2 More Cops Involved in Breonna Taylor’s Death Receive Termination Letters
Two more Louisville, Kentucky, police officers who were involved in the drug investigation that led to Breonna Taylor’s death last March received termination letters yesterday. Interim Police Chief Yvette Gentry said Detective Joshua Jaynes lied in the affidavit he used to obtain a no-knock search warrant for Taylor’s apartment and was careless in planning the raid. Gentry also announced her intent to terminate Detective Myles Cosgrove, who according to the FBI fired the round that killed Taylor. The police chief said Cosgrove fired 16 rounds without properly identifying a target.
Police broke into Taylor’s apartment around 12:40 a.m. on March 13, when the 25-year-old EMT and her boyfriend, Kenneth Walker, were in bed. Walker, who said he believed the intruders were dangerous criminals, grabbed a handgun and fired a single round, which hit Sgt. Jonathan Mattingly in the leg. Mattingly, Cosgrove, and Detective Brett Hankison responded with a hail of 32 bullets, six of which struck Taylor. The case, which has been highlighted by Black Lives Matter, figured prominently in this year’s protests against police abuse.
Hankison, who faces three charges of wanton endangerment, was tentatively dismissed in June because he blindly fired 10 rounds from outside Taylor’s apartment. “Your actions displayed an extreme indifference to the value of human life when you wantonly and blindly fired ten (10) rounds into the apartment,” Robert Schroeder, Gentry’s predecessor as interim police chief, wrote in his termination letter to Hankison. “These rounds created a substantial danger of death and serious injury to Breonna Taylor and the three occupants of the apartment next to Ms. Taylor’s….I find your conduct a shock to the conscience. I am alarmed and stunned you used deadly force in this fashion.” Hankison appealed his termination to the Police Merit Board, which “will hear his appeal when his criminal case is completed,” the Louisville Courier-Journal reports.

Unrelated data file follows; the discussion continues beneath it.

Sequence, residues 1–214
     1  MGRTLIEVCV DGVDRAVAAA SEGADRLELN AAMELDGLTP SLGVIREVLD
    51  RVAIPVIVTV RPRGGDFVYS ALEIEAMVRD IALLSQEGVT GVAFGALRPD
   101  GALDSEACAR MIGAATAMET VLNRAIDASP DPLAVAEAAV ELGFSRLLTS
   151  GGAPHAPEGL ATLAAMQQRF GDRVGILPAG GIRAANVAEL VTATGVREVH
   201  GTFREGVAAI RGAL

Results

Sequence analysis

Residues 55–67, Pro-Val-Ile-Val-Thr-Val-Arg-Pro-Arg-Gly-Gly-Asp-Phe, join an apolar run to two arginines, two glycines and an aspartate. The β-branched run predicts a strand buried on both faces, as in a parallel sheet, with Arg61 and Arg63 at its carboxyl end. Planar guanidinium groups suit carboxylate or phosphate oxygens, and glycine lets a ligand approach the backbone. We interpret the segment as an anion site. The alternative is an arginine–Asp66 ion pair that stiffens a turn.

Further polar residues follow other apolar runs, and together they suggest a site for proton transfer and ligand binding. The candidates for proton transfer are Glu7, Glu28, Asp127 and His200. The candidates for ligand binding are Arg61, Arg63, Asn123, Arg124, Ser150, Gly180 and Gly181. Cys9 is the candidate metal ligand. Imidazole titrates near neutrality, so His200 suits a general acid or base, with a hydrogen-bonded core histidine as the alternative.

Hankison and the other officers were serving a warrant obtained by Jaynes, who suspected that Taylor was involved in an ex-boyfriend’s drug trafficking operation. In his search warrant affidavit, Jaynes falsely claimed he had “verified through a U.S. Postal Inspector” that the ex-boyfriend, Jamarcus Glover, was receiving packages at Taylor’s apartment. “Affiant knows through training and experience that it is not uncommon for drug traffickers to receive mail packages at different locations to avoid detection from law enforcement,” Jaynes added. “Affiant believes through training and experience, that Mr. J. Glover may be keeping narcotics and/or proceeds from the sale of narcotics at [Taylor’s apartment] for safe keeping.”
As Gentry notes in her letter to Jaynes, the detective actually obtained the information about the packages from Mattingly, who in turn relied on a police officer in Shively, a Louisville suburb. “Detective Jaynes lied when he swore ‘verified through a US Postal Inspector,'” Gentry writes. “Detective Jaynes did not have contact with a US Postal Inspector….Having an independent, third party verify information is powerful and compelling [evidence]. The inclusion of this in
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